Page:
Library Issues Twitter

Proactive reference

I’ve been doing a lot of thinking lately about something I’m calling “proactive reference.” The way I’m thinking about it, proactive reference is the monitoring of the real-time web (Twitter, Friendfeed, Seesmic, etc) by librarians who answer questions relating to their area or specialty, whether subject or geographically based. Public librarians who answer questions by searching for mentions of their city, county, or library, and Academic libraries who monitor for mentions of their university are two examples, but are many more possibilities.

I’m doing a bit of it now, just to see how effective it is at marketing the library’s services and such. Is anyone else out there actively monitoring these communication channels right now? My instinct is that this is going to be a HUGE market in a very short time, and that libraries should dive in fast and get used to it.

Library Issues MPOW

Live Desktop and Libraries

I hadn’t mentioned one of my favorite things we’ve done at MPOW here on the blog, because I assumed that it was an obvious thing to do. However, I’ve told a few people about it, and it seems not as obvious as I thought, so here ya go.

In trying to decide where our Meebo widget should live, I realized that it didn’t have to live on a webpage. That is, it does, but that webpage can be, on a Windows machine, part of the desktop. We have our student systems set up to use the Windows Live desktop functionality. We point the desktop at a page on our server, that we use to rotate banners, give instruction (Your files WILL be deleted when you log off) and other things. Since it’s a webpage, the Meebo widget lives happily among the other web content.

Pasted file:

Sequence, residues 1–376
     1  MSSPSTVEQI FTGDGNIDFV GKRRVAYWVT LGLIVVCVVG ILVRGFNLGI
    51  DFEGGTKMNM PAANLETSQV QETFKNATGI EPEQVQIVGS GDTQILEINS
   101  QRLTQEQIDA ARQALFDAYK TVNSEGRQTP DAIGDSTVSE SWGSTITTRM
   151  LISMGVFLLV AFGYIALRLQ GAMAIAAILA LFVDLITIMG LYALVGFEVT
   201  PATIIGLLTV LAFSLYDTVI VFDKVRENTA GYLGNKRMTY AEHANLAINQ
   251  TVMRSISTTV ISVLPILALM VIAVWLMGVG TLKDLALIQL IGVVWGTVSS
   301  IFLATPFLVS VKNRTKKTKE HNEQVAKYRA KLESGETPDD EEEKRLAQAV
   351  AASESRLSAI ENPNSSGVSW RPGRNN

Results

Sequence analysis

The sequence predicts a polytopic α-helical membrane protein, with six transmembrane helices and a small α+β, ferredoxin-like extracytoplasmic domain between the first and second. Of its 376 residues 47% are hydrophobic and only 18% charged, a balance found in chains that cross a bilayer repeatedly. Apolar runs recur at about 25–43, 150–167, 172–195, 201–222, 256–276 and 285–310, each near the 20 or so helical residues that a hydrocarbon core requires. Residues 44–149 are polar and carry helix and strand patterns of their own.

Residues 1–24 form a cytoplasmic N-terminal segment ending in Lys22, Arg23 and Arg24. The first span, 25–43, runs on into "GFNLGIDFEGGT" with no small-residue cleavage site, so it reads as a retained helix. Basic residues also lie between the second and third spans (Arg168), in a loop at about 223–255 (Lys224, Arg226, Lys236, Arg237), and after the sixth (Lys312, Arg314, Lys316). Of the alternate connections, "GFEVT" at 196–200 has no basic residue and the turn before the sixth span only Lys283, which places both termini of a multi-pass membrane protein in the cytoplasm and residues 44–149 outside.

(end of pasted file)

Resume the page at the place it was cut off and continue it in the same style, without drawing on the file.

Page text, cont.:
So students don’t have to navigate anywhere to reach us. The box is right there on the desktop. Putting the widget there has also increased our question count, and seems to be working really well for us.

Hope that’s useful for someone out there in library land!

Books Library Issues Media

Britannica Webshare

The old standard for the Encyclopedia, the Encyclopaedia Britannica, has just launched a new service called Britannica Webshare that is designed to pull the aging reference work into the 21st Century. It also proves the argument put forth by Chris Anderson in his article (and upcoming book) Free.

The central idea of Webshare is that Britannica is giving away access to its online content for free, by giving away subscriptions to its paywall-side service. But not just to anyone, no, no. They are giving a $0 subscription for one year to “Anyone who publishes regularly on the Internet—bloggers, webmaster, and writers who publish on the Web…”. You have to “apply” for the access, which implies some sort of winnowing of applications, although I applied and received an email with a login code within an hour. This code is a sort of coupon that gives you one year of free access to Britannica online, although you do have to fill out the normal application information for Britannica after you’ve already applied for the free access…a sloppy method of handling the process. Even better, the Terms of Service that you must agree to for the account includes things like:

Use of Content: You may display, print or download content on the Services only for your personal, non-commercial use, provided you do not remove or alter any copyright, trademark, service mark or other proprietary notices or legends. You may not publish, distribute, retransmit, sell or provide access to the content on the Services, except as permitted under applicable law and as described in these Terms of Use.